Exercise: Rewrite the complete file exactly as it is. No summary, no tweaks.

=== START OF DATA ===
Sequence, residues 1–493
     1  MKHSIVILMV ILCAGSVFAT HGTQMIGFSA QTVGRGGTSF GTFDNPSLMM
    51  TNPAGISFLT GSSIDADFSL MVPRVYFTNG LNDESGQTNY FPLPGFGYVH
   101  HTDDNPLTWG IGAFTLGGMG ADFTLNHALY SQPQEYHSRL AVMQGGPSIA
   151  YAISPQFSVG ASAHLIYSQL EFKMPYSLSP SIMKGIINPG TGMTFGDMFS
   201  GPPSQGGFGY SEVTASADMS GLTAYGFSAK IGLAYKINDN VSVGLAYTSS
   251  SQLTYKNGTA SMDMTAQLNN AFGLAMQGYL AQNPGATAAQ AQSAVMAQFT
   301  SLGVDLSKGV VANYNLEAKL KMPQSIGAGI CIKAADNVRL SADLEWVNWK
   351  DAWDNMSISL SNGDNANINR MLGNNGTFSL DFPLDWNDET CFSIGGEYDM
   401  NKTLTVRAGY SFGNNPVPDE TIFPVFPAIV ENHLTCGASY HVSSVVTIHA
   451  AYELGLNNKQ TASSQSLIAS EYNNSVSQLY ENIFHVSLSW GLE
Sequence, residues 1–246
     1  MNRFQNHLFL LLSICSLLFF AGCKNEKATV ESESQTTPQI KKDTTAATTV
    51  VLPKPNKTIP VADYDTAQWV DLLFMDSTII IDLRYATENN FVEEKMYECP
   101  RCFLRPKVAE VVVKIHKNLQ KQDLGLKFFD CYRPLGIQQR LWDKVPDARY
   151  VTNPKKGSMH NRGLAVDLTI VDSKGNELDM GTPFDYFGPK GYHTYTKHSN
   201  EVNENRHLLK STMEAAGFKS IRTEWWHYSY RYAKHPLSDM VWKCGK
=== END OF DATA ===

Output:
Sequence, residues 1–493
     1  MKHSIVILMV ILCAGSVFAT HGTQMIGFSA QTVGRGGTSF GTFDNPSLMM
    51  TNPAGISFLT GSSIDADFSL MVPRVYFTNG LNDESGQTNY FPLPGFGYVH
   101  HTDDNPLTWG IGAFTLGGMG ADFTLNHALY SQPQEYHSRL AVMQGGPSIA
   151  YAISPQFSVG ASAHLIYSQL EFKMPYSLSP SIMKGIINPG TGMTFGDMFS
   201  GPPSQGGFGY SEVTASADMS GLTAYGFSAK IGLAYKINDN VSVGLAYTSS
   251  SQLTYKNGTA SMDMTAQLNN AFGLAMQGYL AQNPGATAAQ AQSAVMAQFT
   301  SLGVDLSKGV VANYNLEAKL KMPQSIGAGI CIKAADNVRL SADLEWVNWK
   351  DAWDNMSISL SNGDNANINR MLGNNGTFSL DFPLDWNDET CFSIGGEYDM
   401  NKTLTVRAGY SFGNNPVPDE TIFPVFPAIV ENHLTCGASY HVSSVVTIHA
   451  AYELGLNNKQ TASSQSLIAS EYNNSVSQLY ENIFHVSLSW GLE
Sequence, residues 1–246
     1  MNRFQNHLFL LLSICSLLFF AGCKNEKATV ESESQTTPQI KKDTTAATTV
    51  VLPKPNKTIP VADYDTAQWV DLLFMDSTII IDLRYATENN FVEEKMYECP
   101  RCFLRPKVAE VVVKIHKNLQ KQDLGLKFFD CYRPLGIQQR LWDKVPDARY
   151  VTNPKKGSMH NRGLAVDLTI VDSKGNELDM GTPFDYFGPK GYHTYTKHSN
   201  EVNENRHLLK STMEAAGFKS IRTEWWHYSY RYAKHPLSDM VWKCGK